- describe the shape of the Earth and the relative position of the poles
Looking up at the sky on a clear night is surely
invokes feelings of curiosity, wonder and awe at the sight of stars,
planets, “shooting stars” and faraway galaxies. For millennia, humans
have been gazing at the sky and experiencing those same emotions. One
of the very first sciences was the observation and recording of the
positions of the stars, as we can see from relics such as Stonehenge,
the Great Pyramids and medicine wheels of the Native Americans. With
these chronicles of the sky, astronomy was born.
Full moon (Grant Dakin)
how do you tell which way is which, when the night sky is black in all
directions, the positions of the stars seem to change by the hour and
the patterns of stars in the sky change by the season? Early
astronomers realized they needed a frame of reference. History of Astronomy in Canada
medicine wheels - large circular configurations of stones thought to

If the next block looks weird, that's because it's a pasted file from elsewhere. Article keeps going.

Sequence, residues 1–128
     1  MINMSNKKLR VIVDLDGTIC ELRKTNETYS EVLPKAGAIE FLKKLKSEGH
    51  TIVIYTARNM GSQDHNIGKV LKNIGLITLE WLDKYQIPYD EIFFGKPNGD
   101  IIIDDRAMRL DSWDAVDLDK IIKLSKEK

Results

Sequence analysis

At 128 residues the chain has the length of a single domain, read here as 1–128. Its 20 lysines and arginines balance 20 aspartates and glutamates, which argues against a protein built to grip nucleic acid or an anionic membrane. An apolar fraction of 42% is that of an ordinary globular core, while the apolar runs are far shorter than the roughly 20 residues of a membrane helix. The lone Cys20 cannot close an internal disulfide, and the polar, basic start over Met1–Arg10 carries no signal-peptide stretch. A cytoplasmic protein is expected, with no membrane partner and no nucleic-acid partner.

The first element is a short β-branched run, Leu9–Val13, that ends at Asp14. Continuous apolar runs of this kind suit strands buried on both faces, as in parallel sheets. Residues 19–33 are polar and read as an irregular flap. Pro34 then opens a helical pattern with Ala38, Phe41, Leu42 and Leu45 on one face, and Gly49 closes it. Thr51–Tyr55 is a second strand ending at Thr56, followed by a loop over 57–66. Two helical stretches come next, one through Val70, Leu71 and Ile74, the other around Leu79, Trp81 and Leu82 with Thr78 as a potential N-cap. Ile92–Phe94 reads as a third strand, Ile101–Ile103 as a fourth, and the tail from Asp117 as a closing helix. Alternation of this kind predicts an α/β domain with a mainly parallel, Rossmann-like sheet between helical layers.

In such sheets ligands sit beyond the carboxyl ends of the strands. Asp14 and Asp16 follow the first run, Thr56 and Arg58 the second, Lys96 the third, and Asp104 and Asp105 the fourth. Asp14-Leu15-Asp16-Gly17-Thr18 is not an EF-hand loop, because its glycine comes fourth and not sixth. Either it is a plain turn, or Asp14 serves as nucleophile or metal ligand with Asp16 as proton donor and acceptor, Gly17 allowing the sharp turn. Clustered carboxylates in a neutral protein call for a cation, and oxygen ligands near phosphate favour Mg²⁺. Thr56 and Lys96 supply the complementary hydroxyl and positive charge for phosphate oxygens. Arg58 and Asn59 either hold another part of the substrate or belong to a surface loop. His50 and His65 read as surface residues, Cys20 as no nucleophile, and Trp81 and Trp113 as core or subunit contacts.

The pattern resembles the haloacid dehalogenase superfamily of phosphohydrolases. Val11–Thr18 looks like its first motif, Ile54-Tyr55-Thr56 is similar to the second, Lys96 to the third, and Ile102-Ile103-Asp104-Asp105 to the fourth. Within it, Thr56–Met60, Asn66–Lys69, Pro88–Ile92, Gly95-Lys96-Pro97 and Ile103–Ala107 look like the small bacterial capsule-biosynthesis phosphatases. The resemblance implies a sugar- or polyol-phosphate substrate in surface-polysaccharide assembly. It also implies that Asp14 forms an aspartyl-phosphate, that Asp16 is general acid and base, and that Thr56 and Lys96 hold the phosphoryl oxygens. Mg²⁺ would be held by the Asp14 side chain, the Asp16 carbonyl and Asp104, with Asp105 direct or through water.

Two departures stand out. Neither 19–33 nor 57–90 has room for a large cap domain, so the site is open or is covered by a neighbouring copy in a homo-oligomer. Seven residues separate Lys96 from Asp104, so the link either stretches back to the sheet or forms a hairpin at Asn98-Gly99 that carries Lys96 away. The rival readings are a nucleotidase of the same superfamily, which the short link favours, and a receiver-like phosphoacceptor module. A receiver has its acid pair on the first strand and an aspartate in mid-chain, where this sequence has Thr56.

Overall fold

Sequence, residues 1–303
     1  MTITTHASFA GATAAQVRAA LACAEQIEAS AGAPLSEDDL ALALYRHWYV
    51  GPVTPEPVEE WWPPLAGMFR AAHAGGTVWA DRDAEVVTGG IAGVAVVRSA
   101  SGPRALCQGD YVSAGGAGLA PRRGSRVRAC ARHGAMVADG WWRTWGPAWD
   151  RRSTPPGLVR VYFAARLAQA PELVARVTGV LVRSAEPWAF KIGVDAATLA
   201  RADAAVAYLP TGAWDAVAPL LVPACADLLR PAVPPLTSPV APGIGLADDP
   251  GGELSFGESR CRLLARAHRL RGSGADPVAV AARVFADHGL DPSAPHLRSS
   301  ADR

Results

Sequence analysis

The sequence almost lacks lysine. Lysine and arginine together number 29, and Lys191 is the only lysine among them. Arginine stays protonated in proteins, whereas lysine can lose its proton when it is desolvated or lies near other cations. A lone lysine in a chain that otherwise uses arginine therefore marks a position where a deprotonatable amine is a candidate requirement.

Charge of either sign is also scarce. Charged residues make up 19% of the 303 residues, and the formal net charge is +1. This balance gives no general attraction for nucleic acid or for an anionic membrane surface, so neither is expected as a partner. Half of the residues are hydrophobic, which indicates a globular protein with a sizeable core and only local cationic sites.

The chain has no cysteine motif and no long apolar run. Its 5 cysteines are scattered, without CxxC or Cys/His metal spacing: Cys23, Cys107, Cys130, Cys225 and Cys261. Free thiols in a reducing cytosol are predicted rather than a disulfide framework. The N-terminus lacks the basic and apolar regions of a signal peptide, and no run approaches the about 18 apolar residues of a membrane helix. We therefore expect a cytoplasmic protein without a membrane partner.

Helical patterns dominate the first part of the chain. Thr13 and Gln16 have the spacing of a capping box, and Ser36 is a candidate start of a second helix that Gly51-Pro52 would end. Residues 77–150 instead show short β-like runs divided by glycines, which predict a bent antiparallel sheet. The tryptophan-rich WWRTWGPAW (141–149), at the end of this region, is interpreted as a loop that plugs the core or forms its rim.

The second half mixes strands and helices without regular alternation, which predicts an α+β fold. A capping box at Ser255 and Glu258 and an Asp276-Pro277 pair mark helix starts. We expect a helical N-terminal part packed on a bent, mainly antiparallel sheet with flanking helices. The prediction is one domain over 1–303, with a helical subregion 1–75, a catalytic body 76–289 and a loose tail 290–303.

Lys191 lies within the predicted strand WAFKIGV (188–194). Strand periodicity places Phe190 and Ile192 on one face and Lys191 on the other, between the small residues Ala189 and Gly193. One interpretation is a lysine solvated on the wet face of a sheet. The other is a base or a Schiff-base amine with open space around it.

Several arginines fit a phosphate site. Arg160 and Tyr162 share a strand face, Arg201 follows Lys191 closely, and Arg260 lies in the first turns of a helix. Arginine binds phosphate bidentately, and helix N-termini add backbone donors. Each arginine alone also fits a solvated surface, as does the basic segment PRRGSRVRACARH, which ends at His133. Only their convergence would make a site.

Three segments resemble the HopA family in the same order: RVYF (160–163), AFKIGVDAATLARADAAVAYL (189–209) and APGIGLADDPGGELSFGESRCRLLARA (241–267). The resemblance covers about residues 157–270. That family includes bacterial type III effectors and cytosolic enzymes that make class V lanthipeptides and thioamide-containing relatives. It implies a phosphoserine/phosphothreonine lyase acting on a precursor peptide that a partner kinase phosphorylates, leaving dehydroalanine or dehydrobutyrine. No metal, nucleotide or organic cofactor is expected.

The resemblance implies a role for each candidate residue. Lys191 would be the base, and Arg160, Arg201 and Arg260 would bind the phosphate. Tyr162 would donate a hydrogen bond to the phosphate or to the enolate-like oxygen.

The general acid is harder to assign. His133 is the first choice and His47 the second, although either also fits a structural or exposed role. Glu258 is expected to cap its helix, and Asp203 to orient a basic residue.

indicate positions of stars on significant dates - were first
constructed approximately 2200 years ago, on the northern plains of
Alberta and Saskatchewan. Remnants of over 20 medicine wheels have been
found in the two provinces, and which are still being excavated and
The planet Earth, like most planets, is approximates in the shape of a
sphere. The poles of a planet are the topmost and bottommost points on
the sphere, while the equator circles the Earth halfway between the two
poles, dividing the planet into two hemispheres. On Earth, our
“topmost” pole is the North Pole, while the South Pole is on the
“bottom” of the planet. The equator therefore divides the planet into a
Northern and Southern hemisphere.
The Earth can be divided into northern and southern Did you know?
hemispheres, divided by the equator. Size of the Sun
and distance to the Sun are not to scale.
Earth is not a perfect sphere! As a result of the Earth’s rotation it
is wider at the equator and flatter at the poles, making it look like a
slightly flattened ball. This is caused by the spinning of the Earth.
Imagine a filled water balloon that is spinning. The water is pushed
as far out as possible in the middle and it ends up being flattened on
the top and bottom.
The poles also serve as an axis
around which the planet rotates. When seen from space, the Earth
rotates from left to right. Imagine looking down on the Earth from
above the North Pole: you would see that it rotates counter-clockwise.